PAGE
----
Experience Everything Maryland Has To Offer
Maryland might not be one of the largest states, but it’s still home to 6 million citizens, which makes it the 5th most densely populated in the union. What is it about “the Free State” that inspires so many people to put down roots? Here are some of the reasons why your next home should be in Maryland.
A Diverse Landscape
One of Maryland’s nicknames is “America in Miniature,” which is used to reflect the diverse terrain you’ll see across this small state. Starting in the west, you’ll climb the Appalachian Mountains before giving way to the Baltimore-Washington area in the state’s central region. Continuing east, the landscape transforms to a patchwork of farmland before ending on the coast with the vibrant beach community of Ocean City. Within the span of a single day, you can get an entire slice of the American experience.
Excellence in Education
If you’re looking to raise children in your new home, Maryland offers some of the finest public education systems in the United States in Howard and Montgomery Counties. While it all starts with the K-12 schools, this small state is also home to a large number of prestigious colleges and universities:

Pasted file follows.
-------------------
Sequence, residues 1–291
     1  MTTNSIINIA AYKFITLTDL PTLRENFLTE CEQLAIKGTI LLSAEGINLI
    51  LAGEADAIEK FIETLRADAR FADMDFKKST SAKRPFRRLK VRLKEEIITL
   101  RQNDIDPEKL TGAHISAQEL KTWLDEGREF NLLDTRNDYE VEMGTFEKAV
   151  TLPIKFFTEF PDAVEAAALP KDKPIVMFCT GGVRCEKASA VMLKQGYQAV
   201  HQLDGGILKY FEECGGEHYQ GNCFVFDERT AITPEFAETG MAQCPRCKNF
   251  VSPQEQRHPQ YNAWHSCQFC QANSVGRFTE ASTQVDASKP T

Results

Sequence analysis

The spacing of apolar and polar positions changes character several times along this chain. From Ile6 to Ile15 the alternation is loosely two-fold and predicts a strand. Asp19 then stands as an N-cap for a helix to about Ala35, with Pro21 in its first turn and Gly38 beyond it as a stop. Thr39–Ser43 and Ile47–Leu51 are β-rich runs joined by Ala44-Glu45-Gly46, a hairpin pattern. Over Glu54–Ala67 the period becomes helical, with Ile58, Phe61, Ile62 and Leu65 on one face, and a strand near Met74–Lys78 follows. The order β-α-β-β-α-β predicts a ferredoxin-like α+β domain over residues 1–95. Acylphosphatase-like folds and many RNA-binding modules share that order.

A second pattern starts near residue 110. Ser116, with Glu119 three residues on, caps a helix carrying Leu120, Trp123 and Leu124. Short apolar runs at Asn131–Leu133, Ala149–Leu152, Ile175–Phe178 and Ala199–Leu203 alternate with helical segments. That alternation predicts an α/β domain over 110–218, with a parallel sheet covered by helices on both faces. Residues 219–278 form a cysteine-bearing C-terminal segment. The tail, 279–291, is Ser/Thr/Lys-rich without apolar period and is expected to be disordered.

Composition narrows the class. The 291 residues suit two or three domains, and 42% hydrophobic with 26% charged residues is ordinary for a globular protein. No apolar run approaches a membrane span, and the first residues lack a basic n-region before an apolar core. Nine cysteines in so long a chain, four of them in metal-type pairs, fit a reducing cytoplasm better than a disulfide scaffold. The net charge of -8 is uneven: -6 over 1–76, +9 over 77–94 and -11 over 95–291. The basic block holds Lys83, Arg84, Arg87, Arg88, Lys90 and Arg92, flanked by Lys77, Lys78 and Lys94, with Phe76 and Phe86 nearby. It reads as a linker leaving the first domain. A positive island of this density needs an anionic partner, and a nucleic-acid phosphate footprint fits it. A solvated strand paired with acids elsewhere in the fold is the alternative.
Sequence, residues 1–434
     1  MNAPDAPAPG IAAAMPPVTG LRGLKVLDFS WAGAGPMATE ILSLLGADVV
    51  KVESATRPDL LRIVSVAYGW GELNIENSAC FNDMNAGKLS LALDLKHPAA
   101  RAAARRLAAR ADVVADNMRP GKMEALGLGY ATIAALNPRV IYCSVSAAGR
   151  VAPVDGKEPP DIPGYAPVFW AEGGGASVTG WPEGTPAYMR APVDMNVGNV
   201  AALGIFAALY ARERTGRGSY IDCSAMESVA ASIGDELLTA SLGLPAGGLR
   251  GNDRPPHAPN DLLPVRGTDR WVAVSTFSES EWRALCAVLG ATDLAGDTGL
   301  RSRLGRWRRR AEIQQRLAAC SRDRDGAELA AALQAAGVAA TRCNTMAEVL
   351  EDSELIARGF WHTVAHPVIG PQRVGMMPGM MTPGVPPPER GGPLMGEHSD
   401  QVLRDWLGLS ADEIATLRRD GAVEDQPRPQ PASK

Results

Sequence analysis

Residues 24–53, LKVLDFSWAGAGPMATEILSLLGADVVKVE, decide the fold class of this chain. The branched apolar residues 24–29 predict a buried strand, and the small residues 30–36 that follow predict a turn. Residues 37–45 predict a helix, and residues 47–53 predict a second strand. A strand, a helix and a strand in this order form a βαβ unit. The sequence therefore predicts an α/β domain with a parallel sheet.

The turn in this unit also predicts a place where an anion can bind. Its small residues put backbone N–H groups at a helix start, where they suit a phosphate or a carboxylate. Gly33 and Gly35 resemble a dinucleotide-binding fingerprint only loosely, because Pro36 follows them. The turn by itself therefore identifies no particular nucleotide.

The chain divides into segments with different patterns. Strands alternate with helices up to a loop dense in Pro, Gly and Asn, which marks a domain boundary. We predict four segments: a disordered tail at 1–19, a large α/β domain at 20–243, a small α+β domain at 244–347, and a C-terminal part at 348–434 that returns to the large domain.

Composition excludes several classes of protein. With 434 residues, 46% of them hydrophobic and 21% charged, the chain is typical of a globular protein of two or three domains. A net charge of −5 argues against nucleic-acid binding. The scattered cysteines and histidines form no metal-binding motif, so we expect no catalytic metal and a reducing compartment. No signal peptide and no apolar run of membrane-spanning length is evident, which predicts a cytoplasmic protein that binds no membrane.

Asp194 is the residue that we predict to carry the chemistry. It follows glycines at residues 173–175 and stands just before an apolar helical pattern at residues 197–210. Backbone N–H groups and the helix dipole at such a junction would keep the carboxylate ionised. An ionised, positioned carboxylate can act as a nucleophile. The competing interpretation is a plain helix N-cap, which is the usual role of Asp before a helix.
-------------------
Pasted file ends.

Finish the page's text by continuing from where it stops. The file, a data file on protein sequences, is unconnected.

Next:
- Johns Hopkins University
- The University of Maryland, College Park
- Towson University
- Loyola Baltimore
- Mt. St. Mary’s University
Close to the Action
One of the reasons Maryland is such a desirable location is its proximity to Washington, D.C. and its vast network of government jobs. While smaller in population, Baltimore also offers a number of different career opportunities in fields such as health care and finance. No matter which city is home to your career, you’ll have an easy commute from any of the suburbs that sit between the two metropolitan areas in Howard, Montgomery, Prince George’s and Anne Arundel Counties. Thanks to the proliferation of affordable airfare and train tickets, many Marylanders even commute to other major cities on the East Coast.
Marylanders have a lot of pride in their food, and the most prominent symbol of the state’s cuisine is the blue crab, which is native to the waters of the Chesapeake Bay. You’ll find this crustacean incorporated into everything from soup to eggs Benedict, but the most popular dish is the crab cake. For those who are more partial to land-based creatures, pit beef is a local delicacy that’s slow-cooked over charcoal grills. When summer rolls around, the countryside is dotted with produce stands offering bounties of fresh fruits and vegetables such as silver queen sweet corn, cantaloupe, strawberries and tomatoes.